Several weeks ago, Andrew and I decided to watch Casablanca for the simple reason of not having seen it before. It's a classic movie and someone mentioned something about it and we decided that watching it would make us more cultured. Or something.
We also wanted to try renting something from iTunes.
And thus our Casablanca date night was born.
It took days, probably, for the movie to download, at the rate our internet connection goes, but only about an hour to watch it. The movie was good enough, but it did raise several questions, not the least of which was who the heroine actually loves. The ending was a little ambiguous on that account. Besides the whole love story plot, which was entirely fictional, the rest of the movie was pretty much historically and culturally inaccurate but still made us curious about Morocco.
And thus our Casablanca date night turned into a trip to Casablanca.
Casablanca seemed to lack charm, compared to Marrakech, but after spending the day here we found it was definitely worth our time. Our hotel, apparently, is a hip-hop happening place. There is a big dance party going on downstairs, from the sounds of things, with lovely pounding drums thumping out staccato, syncopated rhythms. All of this is offset by the magical sounds of scooters whizzing by and taxis blaring their horns. And the eerie sound the pipes are making.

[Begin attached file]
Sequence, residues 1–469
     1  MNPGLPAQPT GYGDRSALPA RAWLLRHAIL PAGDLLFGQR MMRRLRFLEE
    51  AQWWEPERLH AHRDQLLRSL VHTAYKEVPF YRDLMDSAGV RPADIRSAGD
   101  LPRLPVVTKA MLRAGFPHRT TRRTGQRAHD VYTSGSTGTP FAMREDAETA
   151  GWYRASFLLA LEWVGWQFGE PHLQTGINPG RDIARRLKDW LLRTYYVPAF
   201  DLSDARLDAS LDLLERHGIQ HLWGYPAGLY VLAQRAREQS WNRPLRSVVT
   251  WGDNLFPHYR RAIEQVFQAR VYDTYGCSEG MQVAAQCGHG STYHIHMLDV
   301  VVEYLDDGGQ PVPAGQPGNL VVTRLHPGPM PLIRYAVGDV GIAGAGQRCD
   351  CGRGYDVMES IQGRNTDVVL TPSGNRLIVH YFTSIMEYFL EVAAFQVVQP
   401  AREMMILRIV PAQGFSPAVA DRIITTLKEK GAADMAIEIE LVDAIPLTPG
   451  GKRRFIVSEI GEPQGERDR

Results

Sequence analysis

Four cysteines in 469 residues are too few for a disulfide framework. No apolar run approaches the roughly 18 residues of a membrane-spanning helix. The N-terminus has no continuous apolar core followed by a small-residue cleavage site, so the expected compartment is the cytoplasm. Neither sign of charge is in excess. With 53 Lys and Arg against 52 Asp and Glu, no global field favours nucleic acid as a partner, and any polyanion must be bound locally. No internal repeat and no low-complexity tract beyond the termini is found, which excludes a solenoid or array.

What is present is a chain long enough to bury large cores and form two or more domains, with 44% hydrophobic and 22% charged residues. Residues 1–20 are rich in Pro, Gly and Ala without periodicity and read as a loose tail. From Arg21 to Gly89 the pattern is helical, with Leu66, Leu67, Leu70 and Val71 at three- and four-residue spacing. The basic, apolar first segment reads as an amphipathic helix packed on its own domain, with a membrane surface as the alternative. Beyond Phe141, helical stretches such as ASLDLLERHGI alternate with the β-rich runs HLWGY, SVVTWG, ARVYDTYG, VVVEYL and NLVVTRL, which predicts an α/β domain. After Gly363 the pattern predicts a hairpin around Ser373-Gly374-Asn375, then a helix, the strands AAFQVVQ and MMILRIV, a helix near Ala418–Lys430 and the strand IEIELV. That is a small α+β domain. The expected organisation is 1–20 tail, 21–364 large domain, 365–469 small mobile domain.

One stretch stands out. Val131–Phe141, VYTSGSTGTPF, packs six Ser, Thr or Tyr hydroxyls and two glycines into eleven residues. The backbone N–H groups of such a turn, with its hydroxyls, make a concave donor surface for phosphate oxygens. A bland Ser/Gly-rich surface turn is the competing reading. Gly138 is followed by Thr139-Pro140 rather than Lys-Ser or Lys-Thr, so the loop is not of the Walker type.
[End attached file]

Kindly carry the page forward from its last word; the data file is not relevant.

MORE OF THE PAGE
Our hotel, to summarize, sucks.
It's called Hotel Volubilis. Don't stay here.
The sheets and towels are stained a strange brown color but we think they were white once. The elevator door jams and we got stuck inside. We have seen several curious-looking bugs. And our room smells funny. It's not even in a good location so I'm not sure why we chose it.
I suppose we've been lucky though, since this is only a one night stand and our other hotels were really great.
Since we didn't want to spend the afternoon chilling in our less-than cheerful hotel room, we decided to spend the day out on the town. We first went to the Hassan II mosque, which happens to have the tallest minaret in the world. It's a beautiful mosque but, unfortunately, we weren't allowed inside. They only do organized tours and the last one for the day is at 2 PM. There were several disappointed tourists outside the mosque.
Rachel fell asleep for about 15 whole minutes. When she sleeps she sleep so well, I guess, that she doesn't have to sleep very long. We took a picture so that we could prove that she doesn't just climb on things all day long. (Our fellow passengers on the train from Marrakech to Casablanca probably wouldn't believe it, otherwise. She was completely out of control on the train ride. Luckily she made great friends with everyone in the compartment and they took turns entertaining her with origami, chocolate bars, and walks down the hallway.)
Is it possible that this little monkey is the same sweet, sleeping baby in the picture above? It's hard for even me to believe. Those sleeping moments are so far between!
They did let us take a few pictures from the threshold, which was nice of them. The inside looked gorgeous--oddly enough the first thing that came to mind when I looked inside was "Joseph Smith Memorial Building." I don't know why--maybe it was the color scheme--because last time I checked the Joseph Smith Memorial Building wasn't a mosque.
Rachel was roused from her nap by some little boys running around. They greeted me in French and asked if they could kiss my baby. I told them that I prefer that they wouldn't since she was sleeping and a kiss would wake her up. They insisted on kissing her, anyway, and she woke up. And then they asked me for money.
Have I been able to explain yet how sick I am of being asked for money? Those little boys did me a disservice and then wanted to be paid just for existing. I wish someone would pay me for existing.